Your Shopping Cart

You have no items in your shopping cart.

Read About Albatross Bird

ImageThe Albatross is a large-winged bird that lives in the Southern ocean and is at risk of becoming extinct. The Albatross bird is easily recognized and depends entirely on the sea for its existence. Here is everything you need to know about the Albatross bird.

The Defining Features of the Albatross Bird

The Albatross bird is a large web-footed marine bird that is able to travel for long distances. They are mainly found in South Pacific waters. They only visit dry land every two years to breed and are only capable of laying one egg each time. They have a booked bill decorated with horny plates. They are one of the largest of the seabirds. They have thin wings that span up to 12 feet. The body is mainly white and the wings are mainly black. They have a long neck and short legs. They have the potential for a long life span of up to 60 years and feast on fish, squid, rubbish and fish eggs. These birds are able to swallow large amounts of food and hold them for later dumping to feed her offspring. They spend most of their time gliding and circling over the water and sleep in the sea. The even drink sea water. They are completely dependent on the sea. They eat, sleep and drink the sea. They are also attracted to boaters, which is where the problem with their longevity lies.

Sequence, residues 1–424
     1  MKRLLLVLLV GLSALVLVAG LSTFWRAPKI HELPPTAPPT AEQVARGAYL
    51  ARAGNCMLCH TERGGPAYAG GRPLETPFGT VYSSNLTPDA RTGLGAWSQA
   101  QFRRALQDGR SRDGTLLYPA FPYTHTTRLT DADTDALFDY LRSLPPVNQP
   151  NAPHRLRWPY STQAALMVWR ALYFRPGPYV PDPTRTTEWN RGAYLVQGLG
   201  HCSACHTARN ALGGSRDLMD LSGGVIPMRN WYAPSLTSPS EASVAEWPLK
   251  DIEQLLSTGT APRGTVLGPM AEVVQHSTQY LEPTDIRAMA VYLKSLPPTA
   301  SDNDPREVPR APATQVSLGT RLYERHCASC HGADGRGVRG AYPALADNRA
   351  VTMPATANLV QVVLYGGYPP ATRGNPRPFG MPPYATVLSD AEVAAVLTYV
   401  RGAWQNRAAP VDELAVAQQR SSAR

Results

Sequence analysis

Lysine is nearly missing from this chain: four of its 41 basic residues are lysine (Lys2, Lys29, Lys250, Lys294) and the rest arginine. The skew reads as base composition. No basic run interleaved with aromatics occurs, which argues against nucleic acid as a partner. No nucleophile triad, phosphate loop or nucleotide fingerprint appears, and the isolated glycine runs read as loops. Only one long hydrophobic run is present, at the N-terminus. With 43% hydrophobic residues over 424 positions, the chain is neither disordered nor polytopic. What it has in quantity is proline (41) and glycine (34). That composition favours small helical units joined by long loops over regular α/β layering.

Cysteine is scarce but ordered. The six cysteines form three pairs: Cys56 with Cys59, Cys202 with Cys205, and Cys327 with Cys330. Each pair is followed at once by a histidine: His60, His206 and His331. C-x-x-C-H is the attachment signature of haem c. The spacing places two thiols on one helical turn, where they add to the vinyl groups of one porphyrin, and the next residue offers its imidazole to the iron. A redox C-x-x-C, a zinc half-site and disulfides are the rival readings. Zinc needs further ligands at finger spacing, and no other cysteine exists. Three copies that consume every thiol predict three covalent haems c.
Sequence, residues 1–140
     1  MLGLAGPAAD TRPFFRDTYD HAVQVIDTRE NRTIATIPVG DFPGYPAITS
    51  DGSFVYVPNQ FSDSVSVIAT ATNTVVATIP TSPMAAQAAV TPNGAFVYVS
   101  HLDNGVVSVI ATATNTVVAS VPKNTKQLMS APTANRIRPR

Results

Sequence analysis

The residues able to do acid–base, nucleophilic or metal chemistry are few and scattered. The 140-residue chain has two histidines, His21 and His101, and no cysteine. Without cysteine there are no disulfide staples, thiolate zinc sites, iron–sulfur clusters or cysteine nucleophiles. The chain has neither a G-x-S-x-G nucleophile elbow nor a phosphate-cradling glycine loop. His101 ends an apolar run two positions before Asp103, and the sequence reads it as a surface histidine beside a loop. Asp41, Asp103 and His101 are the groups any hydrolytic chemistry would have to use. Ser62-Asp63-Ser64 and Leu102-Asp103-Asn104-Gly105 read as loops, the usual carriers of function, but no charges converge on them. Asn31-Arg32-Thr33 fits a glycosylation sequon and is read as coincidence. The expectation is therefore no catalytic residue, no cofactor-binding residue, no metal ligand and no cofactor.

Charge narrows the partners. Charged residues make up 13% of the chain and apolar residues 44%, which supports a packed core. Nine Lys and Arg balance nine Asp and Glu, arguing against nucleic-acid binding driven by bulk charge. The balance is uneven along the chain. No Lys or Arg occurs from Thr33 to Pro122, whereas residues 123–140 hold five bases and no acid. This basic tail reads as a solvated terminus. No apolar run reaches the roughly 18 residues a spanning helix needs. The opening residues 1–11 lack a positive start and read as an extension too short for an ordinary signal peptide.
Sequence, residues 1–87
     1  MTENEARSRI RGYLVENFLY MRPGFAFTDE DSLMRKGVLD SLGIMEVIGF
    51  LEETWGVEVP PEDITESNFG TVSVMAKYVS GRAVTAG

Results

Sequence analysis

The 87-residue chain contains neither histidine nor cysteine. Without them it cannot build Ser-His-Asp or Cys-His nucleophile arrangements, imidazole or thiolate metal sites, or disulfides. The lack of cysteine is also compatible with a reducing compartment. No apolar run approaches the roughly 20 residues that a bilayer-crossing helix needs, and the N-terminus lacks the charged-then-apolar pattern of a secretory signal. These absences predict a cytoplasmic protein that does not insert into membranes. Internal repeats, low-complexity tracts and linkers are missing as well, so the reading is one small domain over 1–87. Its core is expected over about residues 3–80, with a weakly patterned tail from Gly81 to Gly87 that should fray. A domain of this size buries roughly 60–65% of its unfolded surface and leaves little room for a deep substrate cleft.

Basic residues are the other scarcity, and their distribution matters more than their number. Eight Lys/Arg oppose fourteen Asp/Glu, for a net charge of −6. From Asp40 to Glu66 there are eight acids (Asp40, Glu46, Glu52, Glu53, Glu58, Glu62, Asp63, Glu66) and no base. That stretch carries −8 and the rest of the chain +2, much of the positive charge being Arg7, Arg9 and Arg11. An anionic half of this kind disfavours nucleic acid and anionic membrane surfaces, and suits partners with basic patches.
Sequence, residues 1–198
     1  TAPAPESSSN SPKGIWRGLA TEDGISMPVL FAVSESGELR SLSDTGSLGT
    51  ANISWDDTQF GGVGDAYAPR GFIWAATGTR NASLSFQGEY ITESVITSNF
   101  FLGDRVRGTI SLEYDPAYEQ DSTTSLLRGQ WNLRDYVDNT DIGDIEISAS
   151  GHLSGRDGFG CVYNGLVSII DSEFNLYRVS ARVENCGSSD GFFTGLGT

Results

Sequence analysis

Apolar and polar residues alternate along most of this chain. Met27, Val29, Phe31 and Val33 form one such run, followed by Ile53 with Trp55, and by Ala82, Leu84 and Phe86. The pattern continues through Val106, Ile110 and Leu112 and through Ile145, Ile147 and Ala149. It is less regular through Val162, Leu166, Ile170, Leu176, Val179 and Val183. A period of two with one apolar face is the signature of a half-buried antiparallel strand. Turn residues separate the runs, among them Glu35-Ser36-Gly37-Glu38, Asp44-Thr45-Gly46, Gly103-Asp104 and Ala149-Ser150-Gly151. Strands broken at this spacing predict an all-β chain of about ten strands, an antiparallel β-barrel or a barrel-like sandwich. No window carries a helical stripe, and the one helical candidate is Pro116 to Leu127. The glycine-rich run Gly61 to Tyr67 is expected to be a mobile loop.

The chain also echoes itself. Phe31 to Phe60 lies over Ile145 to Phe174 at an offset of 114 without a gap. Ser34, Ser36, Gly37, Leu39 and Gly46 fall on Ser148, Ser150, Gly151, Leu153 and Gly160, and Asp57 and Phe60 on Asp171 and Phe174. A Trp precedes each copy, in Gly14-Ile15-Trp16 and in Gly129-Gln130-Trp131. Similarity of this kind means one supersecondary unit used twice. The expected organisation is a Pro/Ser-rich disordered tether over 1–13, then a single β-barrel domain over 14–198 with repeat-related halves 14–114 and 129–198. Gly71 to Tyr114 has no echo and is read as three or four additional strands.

The Albatross is in Danger of Extinction

The Albatross bird is attracted to fishing boats for a good reason and it's not the people they are interested in. The boats dump fish guts into the water, which is good feed for the birds. The problem is when the birds near the boats to collect and enjoy their feast, they get caught in long line fishing hooks. It is estimated that nearly 300,000 seabirds die early on the end of a fish hook each year. One way to decrease the number of these untimely deaths is to cut back on hook fishing in the dark. These are the hours when the Albatross birds are most vulnerable and are hard for fishermen to spot. Another easy way to reduce this health risk to the Albatross bird is to weight the hook so it sinks fast without causing harm to the birds. With a little extra effort, the graceful Albatross bird can carry on its existence at the sea for many years to come.